And that is probably as it should be given the role that amazing devices play in the performance of tasks, delivery of results and perceptions about what it takes to secure a sustainable competitive advantage, as has the growth of global markets.
But it may well be that certain immutable laws of executive advancement continue to exert as powerful a role - or more so - than these seemingly transformative factors might indicate.
This latest research builds on a previous study conducted by the same experts who include Peter Capelli of The Wharton School, the unofficial 'dean' of global human resource management study.
Certain broad trends in the percentage of senior executives who are 'lifers,' - eg, those who have spent their entire career at one company, has decreased while, concommitantly, the number of organizations bringing in senior executives has increased. The growing importance of global markets has enhanced the need for those with that sort of experience as well as those who reflect the gender, racial and cultural make-up of their enterprise's current and potential customers, though the numbers indicate that this may be subordinate to other factors having more to do with the organizations internal culture.
Facility with technological trends and operations appears to be a given for which the executive career market expects some evidence but for which it neither exceptionally compensates or promotes. This may be because within a larger institution, such expertise is considered functional rather than specifically leadership-enhancing.
The implication is that certain universal truths about education, institutional knowledge, experience and evidence of exceptional performance at various life stages determine success as defined by accession to the highest levels of executive accomplishment. Though restrictive and therefore potentially worrisome in the long term for some who can not avail themselves of those career-boosting opportunities, current economic results mean that some traditional measures of attainment continue to define the creation of value. JL
Peter Capelli, Monika Hamori and Rocio Bonet report in Harvard Business Review:
Executives at the very top have taken considerably longer to “arrive” than those in other tiers. Although they’ve been on a faster track from the beginning, they’ve also held more jobs along the way, gaining the exposure and grooming needed for general management roles. What’s more, they tend to have exercised operating authority on their way up.
Each era has its own senior-executive profile. A century ago many of the largest, most powerful corporations were led by entrepreneurs—Henry Ford, for example, who had founded his automaker, and Alfred P. Sloan, whose company had been acquired by General Motors. By the 1920s professional managers were hopping from company to company to fill high-level management positions. By the 1950s lifelong employees of corporations were working their way up the ladder to claim the top jobs.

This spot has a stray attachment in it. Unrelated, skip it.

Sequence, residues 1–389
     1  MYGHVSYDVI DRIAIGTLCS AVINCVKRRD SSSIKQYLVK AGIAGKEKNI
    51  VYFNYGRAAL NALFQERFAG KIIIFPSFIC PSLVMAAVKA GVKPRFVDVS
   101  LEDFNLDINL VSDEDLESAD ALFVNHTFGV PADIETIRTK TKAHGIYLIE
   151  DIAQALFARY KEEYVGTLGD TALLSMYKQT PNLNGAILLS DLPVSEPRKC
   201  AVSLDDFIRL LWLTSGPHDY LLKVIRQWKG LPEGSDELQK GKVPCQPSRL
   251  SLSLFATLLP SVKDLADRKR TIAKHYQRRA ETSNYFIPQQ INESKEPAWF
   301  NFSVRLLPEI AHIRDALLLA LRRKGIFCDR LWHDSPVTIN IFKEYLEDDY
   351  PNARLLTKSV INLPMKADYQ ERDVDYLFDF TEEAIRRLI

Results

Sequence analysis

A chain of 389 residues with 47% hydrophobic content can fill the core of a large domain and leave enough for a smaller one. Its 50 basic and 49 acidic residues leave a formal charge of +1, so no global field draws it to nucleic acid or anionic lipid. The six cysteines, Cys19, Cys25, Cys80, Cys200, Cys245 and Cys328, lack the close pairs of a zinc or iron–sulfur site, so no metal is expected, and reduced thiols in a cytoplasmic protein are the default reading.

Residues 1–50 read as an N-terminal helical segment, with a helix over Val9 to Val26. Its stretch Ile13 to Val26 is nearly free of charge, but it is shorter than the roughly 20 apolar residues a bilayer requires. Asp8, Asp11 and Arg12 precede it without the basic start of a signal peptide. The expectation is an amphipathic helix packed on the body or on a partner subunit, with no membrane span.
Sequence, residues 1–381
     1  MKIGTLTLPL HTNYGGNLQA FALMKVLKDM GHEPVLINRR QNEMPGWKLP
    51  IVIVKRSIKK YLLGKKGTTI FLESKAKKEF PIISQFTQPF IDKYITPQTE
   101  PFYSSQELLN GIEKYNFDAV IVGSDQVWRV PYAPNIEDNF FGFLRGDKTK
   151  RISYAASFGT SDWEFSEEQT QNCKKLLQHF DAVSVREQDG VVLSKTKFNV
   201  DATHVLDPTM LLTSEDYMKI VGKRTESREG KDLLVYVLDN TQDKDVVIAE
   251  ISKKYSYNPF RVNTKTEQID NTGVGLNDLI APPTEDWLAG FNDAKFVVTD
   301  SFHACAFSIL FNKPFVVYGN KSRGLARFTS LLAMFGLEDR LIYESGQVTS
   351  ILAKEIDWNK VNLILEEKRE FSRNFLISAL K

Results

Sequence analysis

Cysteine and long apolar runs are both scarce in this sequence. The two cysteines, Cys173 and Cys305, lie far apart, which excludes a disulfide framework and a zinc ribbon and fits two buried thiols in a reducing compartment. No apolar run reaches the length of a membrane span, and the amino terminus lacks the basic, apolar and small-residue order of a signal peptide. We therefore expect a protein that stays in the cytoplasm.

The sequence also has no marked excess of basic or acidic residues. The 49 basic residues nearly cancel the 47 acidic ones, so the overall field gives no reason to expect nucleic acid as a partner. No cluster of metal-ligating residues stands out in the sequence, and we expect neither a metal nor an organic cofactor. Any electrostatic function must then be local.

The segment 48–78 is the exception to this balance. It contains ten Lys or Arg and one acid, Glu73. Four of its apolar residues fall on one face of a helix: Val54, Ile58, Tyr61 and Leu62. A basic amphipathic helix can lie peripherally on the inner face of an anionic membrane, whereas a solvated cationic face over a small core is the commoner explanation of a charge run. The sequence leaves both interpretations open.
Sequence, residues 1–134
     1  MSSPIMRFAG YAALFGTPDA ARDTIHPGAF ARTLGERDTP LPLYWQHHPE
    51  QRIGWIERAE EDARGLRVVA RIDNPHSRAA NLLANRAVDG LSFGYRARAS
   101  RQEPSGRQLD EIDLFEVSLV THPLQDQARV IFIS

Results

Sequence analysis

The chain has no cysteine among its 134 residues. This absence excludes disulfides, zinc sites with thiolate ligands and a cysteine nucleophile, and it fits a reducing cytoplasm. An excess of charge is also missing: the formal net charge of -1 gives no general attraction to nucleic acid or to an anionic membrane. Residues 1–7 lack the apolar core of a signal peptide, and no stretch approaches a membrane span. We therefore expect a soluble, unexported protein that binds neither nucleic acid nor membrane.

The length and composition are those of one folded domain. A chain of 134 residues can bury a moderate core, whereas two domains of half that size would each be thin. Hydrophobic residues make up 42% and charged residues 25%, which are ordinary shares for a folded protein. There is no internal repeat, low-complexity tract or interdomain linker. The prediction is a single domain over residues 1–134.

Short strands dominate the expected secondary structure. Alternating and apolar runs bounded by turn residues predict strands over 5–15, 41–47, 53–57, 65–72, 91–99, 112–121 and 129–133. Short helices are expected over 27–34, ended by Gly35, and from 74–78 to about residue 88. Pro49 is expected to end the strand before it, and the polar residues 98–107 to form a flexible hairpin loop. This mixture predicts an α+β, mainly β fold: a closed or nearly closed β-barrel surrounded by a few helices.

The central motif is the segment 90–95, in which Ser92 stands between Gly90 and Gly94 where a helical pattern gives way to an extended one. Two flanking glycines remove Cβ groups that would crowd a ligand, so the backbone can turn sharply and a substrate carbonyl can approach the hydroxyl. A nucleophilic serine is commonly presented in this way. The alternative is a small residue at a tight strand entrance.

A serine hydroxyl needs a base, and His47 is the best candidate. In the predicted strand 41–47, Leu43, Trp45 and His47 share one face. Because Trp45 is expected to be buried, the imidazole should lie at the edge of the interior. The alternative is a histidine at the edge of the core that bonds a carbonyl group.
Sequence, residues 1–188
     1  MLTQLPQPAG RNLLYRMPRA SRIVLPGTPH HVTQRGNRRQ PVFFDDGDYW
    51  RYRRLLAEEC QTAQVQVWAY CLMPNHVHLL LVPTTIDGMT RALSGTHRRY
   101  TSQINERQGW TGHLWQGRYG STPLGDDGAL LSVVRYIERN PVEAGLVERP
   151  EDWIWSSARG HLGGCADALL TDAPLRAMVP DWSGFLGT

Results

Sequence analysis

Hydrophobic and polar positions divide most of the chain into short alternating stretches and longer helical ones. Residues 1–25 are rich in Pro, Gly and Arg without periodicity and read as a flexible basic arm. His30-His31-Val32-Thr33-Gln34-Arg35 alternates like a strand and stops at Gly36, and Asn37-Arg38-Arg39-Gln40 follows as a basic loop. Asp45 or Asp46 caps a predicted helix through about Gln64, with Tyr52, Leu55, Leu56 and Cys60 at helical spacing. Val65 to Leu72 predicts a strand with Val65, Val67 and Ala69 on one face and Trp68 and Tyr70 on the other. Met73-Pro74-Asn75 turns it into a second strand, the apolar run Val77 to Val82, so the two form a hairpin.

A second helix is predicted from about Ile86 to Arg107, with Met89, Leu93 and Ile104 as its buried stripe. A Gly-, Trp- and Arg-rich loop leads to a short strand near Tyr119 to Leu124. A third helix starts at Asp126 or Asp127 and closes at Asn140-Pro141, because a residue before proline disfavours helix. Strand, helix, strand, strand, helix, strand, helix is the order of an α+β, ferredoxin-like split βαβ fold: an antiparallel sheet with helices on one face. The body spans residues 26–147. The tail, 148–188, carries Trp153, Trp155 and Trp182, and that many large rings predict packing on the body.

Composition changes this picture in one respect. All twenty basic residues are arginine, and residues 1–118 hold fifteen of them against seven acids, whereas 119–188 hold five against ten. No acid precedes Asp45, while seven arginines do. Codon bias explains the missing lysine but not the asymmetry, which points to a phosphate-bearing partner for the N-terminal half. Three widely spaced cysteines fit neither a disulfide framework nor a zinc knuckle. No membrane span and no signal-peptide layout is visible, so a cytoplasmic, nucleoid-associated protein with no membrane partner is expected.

The executive profile continues to evolve. In “The New Road to the Top” (HBR January 2005), two of us (Cappelli and Hamori) compared leaders in the top 10 roles at each of the Fortune 100 companies in 1980 with those in 2001, noting a sharp decline in the “lifer” model and a corresponding uptick in rapidly advancing young executives who spent less time with any one employer. Here we have extended our analysis to 2011.
Perhaps the most noteworthy changes are demographic. Since our previous study, the percentage of executive women has risen quite a bit, as has the percentage of leaders educated outside the United States.
Other interesting developments stem from the global recession in 2008. Because the economic crisis roiled financial institutions the most, causing them to restructure, long-established corporations such as AIG, Bank of America, and Freddie Mac are bringing in more senior executives from the outside than they did a decade ago. Companies such as Caterpillar, Procter & Gamble, and UPS, whose businesses are more stable, have been promoting leaders from within. Executives’ age and length of tenure are both on the rise—trends that we wouldn’t have predicted before the crisis but that seem perfectly logical in its wake: In such uncertain times, leaders have understandably been hesitant to leave their organizations for new opportunities. Companies, too, have exercised caution, sometimes holding on to even underperforming executives to maintain stability.
Attributes at the top also reflect some broader trends within the Fortune 100 over the past three decades, such as a decrease in heavy industry and energy companies, which have fewer women at all levels of management, and a proliferation of health care and retail companies, which have more women. Our most striking findings have emerged in four areas: career trajectory, education, diversity, and hierarchy within the senior ranks. We’ll explore each in turn.
The decline of lifelong employees is remarkably steep. Despite the prevalence of sophisticated executive development and succession planning programs, less than a third of the 2011 Fortune 100 leaders had started their careers with their current employers. That’s down from 45% in 2001 and more than 50% in 1980. The decrease has accelerated in recent years, even though length of tenure is moving in the opposite direction. Why the discrepancy? Because two global recessions made people less likely to change companies.
The latest recession and the prolonged recovery have constrained career growth. The 2011 executives took longer than the 2001 group to get to the top, mainly because they had advanced more slowly throughout their careers. On average, they had spent almost a year longer in each role than their counterparts from a decade earlier—although a small number had been stuck in the same jobs a disproportionately long time, and those at the very top had advanced faster than others.